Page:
ROB ELLIS: All we can say is whatever helped the Eagles play so well that afternoon, we should have bottled it! The Birds wrapped the first year of the new millennium with an overall record of 11-5. They were knocked out by the New York Giants for the division title.
DONOVAN AND T.O.
ROB ELLIS: A quarterback and wide receiver partnership is one of the most important on-the-field relationships in the game. It can make or break a team.
DERRICK GUNN: Some say it's kind of like a marriage. You know, being able to read your partner's unspoken cues. Maybe even knowing what they are going to do or, in our case, where they are going to throw before they do. It can be magic to watch.
ROB ELLIS: Over the NFL's history, there have been some amazingly productive throwing and receiving partnerships. Think Joe Montana and Jerry Rice (the 49ers), Roger Staubach and Drew Pearson (the Cowboys), Troy Aikman and Michael Irvin (the Cowboys again), and even our very own Ron Jaworski and Harold Carmichael. The Eagles had an opportunity to create another iconic pairing in 2004 with the arrival of wide receiver Terrell Owens.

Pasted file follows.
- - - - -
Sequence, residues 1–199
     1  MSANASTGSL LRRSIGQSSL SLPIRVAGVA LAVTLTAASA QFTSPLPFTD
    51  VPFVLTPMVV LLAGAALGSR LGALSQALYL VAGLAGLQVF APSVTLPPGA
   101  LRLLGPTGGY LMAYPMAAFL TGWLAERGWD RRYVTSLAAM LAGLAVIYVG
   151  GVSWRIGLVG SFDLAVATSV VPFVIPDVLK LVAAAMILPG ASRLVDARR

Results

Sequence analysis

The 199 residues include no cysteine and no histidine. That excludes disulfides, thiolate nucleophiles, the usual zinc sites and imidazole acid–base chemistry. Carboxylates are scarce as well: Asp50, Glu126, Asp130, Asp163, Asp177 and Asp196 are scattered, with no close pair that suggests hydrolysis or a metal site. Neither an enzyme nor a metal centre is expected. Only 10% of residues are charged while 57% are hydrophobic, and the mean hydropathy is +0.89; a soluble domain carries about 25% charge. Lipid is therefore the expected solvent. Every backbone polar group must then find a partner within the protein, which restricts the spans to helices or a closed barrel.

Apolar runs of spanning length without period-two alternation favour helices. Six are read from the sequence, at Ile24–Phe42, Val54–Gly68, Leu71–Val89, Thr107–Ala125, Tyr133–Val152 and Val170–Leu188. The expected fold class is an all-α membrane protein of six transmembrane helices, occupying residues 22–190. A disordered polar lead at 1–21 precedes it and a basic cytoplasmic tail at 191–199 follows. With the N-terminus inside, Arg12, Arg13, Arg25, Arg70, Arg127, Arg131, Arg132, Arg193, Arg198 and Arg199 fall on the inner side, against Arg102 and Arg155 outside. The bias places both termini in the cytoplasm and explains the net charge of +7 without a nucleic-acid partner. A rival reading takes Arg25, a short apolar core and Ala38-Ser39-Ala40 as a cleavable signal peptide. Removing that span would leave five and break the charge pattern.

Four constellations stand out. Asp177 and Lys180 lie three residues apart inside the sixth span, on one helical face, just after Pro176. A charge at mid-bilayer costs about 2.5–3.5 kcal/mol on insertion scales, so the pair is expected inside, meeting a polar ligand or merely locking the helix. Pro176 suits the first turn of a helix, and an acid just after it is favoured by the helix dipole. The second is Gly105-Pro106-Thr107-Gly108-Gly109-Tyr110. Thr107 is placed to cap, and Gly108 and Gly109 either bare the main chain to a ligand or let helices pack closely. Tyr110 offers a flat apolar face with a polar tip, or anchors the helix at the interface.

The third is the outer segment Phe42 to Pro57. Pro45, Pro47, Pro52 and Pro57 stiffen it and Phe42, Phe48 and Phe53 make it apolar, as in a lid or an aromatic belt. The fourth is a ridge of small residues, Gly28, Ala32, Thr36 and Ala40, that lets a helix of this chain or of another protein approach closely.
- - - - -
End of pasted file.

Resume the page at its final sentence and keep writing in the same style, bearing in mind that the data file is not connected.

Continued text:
JEREMIAH TROTTER: It was just amazing to watch them all year, you seemed like they were a match made in heaven as far as their chemistry. Their game seemed like they complemented each other perfectly, just the way, you know, Donovan was able to keep keep the play alive with his legs. And T.O., the way he always gave 100 percent and stayed alive when he saw Donovan scrambling, he will come back. And man it was just amazing to see.
DERRICK GUNN: Ahhh, 2004. You could catch Michael Phelps swim to victory at the Olympic Games in Athens. It was the year of sequels. George W. Bush won a second term. Spider-Man 2 and Shrek 2 were released. The Eagles would return to the Super Bowl!